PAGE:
An investigation by Ireland's Data Protection Commission (DPC) found that LinkedIn processed hashed email addresses for approximately 18 million non-LinkedIn users and directed those individuals to Facebook without the necessary permission, a new report revealed.
The investigation covered the activities of Microsoft's professional networking platform during the first six months of 2018, The Verge reported on Saturday.
In its report published on Friday, DPC concluded that it has completed its audit of LinkedIn Ireland Unlimited Company (LinkedIn) regarding the processing of personal data following an investigation of a complaint notified to DPC by a non-LinkedIn user.
The claim related to LinkedIn's obtaining and using the claimant's email address for targeted advertising purposes on Facebook.
The investigation revealed LinkedIn Corporation in the US did not have the necessary permission of the data controller – LinkedIn Ireland – to process hashed email addresses of 18 million non-LinkedIn members.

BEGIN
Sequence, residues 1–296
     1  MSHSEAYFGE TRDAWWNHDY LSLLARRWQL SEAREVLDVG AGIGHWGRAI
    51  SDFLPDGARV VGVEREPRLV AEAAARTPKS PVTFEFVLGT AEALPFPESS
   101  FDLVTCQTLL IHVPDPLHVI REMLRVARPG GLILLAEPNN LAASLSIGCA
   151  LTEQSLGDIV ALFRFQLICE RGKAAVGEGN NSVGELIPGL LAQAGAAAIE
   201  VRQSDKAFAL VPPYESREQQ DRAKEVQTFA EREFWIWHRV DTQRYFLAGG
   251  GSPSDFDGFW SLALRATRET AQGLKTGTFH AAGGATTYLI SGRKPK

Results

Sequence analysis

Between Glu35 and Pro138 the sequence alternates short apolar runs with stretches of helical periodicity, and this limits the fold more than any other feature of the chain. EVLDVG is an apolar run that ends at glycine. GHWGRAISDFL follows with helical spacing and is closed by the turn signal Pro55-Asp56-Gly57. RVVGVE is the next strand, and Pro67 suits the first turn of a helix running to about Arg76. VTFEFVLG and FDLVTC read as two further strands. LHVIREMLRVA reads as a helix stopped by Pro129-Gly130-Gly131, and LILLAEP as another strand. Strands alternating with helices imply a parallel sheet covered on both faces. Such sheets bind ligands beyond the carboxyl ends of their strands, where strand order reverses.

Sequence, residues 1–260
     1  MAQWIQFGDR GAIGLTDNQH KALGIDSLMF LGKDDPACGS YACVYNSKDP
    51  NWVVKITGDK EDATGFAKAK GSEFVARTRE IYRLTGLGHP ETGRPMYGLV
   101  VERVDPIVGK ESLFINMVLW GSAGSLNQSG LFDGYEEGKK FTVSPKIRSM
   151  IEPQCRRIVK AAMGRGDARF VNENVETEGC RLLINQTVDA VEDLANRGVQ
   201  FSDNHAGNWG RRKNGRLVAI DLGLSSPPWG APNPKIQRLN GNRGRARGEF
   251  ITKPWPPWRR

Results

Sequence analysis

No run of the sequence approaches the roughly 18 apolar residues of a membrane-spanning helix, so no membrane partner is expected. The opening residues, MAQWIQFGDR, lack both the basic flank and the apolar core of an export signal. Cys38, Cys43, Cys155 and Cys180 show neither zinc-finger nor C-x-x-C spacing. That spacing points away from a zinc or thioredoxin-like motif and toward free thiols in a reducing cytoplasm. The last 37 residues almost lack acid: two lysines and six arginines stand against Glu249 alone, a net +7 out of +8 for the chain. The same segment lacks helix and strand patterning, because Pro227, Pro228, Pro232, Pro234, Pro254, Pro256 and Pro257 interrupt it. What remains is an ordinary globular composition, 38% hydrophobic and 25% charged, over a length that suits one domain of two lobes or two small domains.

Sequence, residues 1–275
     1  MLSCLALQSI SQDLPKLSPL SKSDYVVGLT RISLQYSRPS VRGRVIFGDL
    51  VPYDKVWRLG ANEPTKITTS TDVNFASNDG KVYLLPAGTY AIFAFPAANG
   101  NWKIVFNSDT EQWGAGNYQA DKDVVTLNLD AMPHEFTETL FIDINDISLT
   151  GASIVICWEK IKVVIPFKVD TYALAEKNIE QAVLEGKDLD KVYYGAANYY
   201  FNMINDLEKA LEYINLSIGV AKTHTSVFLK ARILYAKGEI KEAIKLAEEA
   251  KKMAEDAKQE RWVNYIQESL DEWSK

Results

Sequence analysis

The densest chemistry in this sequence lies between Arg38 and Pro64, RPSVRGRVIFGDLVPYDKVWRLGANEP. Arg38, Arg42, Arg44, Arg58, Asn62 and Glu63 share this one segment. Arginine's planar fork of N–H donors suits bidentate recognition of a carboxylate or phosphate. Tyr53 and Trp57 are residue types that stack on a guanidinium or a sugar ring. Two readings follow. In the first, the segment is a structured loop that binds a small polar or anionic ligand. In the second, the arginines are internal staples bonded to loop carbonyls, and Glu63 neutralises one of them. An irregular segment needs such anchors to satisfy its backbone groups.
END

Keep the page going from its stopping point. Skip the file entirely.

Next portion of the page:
The complaint was finally settled amicably with LinkedIn implementing a series of immediate actions to cease processing user data for the purposes that gave rise to the complaint, the DPC said in its report.
However, the agency was "concerned about the broader systemic issues identified" in its report and conducted a second audit to see if LinkedIn had "adequate technical and technical security measures".
DPC found that the site was "pre-calculating a suggested professional network for non-LinkedIn members" and ordered that they stop and delete associated data that existed before May 25 of this year, the day on which Regulation General of Data Protection (GDPR) has entered into force.
"We appreciate the 2017 DPC's investigation into a complaint about an advertising campaign and full collaboration," Denis Kelleher, privacy director for LinkedIn Europe, Middle East and Africa, told TechCrunch in a statement.
"Unfortunately, the strong processes and procedures that we have in place have not been fulfilled and therefore we feel very sorry. We take appropriate action and we improve the way we work to ensure this does not happen again, "Kelleher said.
As TechCrunch pointed out, LinkedIn was not fined this process because, until the implementation of GDPR in late May, the regulator had no power to impose fines. It's still unclear how LinkedIn got those 18 million email addresses.
First published: November 26, 2018 1:02 PM IST